This description of Worth’s designs at this time very closely relate to the appearance of the garment, which supports the claim that this dress was from around 1888. There is a close relation with the mention of large flowered details on the India silk (Fig. 8) and also on the lace (Fig. 9), a belted waist (Fig. 2), and tucks in the back of the garment (Fig. 7), as they are all featured in the evening dress.  Also, this column in Harper’s Bazar further supports this garment’s fashionability as Worth’s designs strongly dictated the fashion styles for these times.

The styles presented in Jean-Philippe Worth’s evening dress are very fashionable for 1887 and 1888. In 1889, however, there is the development of new styles that do not mimic the styles of the previous years. For example, sleeves begin to become more puffed, and there is a decrease in the size of the bustle. Because of these stylistic changes, it becomes apparent that this garment was created between 1887 and 1888 and was very on trend, but likely wouldn’t have been from later years because the styles had begun to change.

Journal des demoiselles

Fig. 10 - Artist unknown (French). Journal des demoiselles, January 1887. Source: Pinterest

La Mode Française

Fig. 11 - Artist unknown (French). La Mode Française, June 1888. New York: The Metropolitan Museum of Art, b17520939. Gift of Woodman Thompson. Source: Met Digital Collections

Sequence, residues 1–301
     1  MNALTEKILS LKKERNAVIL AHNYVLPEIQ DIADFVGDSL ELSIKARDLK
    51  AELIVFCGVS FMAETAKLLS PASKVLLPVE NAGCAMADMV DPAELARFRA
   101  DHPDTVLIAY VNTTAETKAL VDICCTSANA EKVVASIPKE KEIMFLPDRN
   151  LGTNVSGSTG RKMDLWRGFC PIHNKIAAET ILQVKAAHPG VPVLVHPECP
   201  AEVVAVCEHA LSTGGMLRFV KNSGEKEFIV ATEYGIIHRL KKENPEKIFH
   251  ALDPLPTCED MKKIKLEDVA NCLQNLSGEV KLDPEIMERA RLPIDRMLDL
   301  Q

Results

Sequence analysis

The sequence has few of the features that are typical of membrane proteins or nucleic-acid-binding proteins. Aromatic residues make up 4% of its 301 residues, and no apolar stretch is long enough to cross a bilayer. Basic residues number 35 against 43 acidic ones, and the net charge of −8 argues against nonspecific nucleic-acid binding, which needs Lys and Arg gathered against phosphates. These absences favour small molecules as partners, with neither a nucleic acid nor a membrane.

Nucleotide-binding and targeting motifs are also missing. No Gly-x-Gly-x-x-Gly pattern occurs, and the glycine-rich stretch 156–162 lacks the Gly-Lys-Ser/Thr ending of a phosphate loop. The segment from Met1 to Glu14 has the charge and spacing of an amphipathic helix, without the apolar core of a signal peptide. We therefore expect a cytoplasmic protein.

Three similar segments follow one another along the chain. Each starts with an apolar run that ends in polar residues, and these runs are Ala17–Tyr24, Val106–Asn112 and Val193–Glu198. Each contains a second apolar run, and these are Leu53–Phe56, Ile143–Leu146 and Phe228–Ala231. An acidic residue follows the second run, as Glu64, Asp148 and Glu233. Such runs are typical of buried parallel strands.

Evening Ensemble- Front View

Fig. 12 - Charles Frederick Worth (French, 1825-1895). Evening Ensemble- Front View, 1888. Silk. New York: The Metropolitan Museum of Art, 2009.300.1093a–e. Brooklyn Museum Costume Collection at The Metropolitan Museum of Art. Source: The Metropolitan Museum of Art

Evening Ensemble- Side View

Fig. 13 - Charles Frederick Worth (French, 1825-1895). Evening Ensemble- Side View, 1888. Silk. New York: The Metropolitan Museum of Art, 2009.300.1093a–e. Brooklyn Museum Costume Collection at The Metropolitan Museum of Art. Source: The Metropolitan Museum of Art

Evening Dress- Front View

Fig. 14 - Designer unknown (American). Evening Dress- Front View, 1885. Silk and linen. New York: The Metropolitan Museum of Art, 2009.300.938a, b. Brooklyn Museum Costume Collection at The Metropolitan Museum of Art. Source: The Metropolitan Museum of Art

The Strand Magazine

Fig. 15 - Illustration to "Paris Dressmakers" by M. Griffith. The Strand Magazine, 8, no. 48 (July to December 1894). Source: Wikipedia

About the Designer

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ean-Philippe Worth was the son of Charles Frederick Worth, who was also known as “the father of haute couture.” Charles Frederick Worth led the fashion industry in Paris during the mid-late 19th century and established The House of Worth, where Jean-Philippe worked for his father as a designer. The House of Worth was taken over by Jean-Philippe Worth and his brother following their father’s death in 1895. Jean-Philippe Worth is known for using dramatic fabrics and lavish trimmings, much like his father did. The House of Worth continued to thrive while Jean-Philippe and his brother were in charge; however, Jean Philippe passed away in 1926 leaving the fashion house to his nephew, Jean-Charles Worth, who retired from the family business in 1952, officially marking the end of The House of Worth (Krick).

Its Afterlife

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his garment is currently at the Metropolitan Museum of Art and has been featured in two exhibits at the museum: “Seeds of Fashion,” which took place from February 15, 1951-August 31, 1951, and “Dance,” which took place from December 9, 1986-September 6, 1987.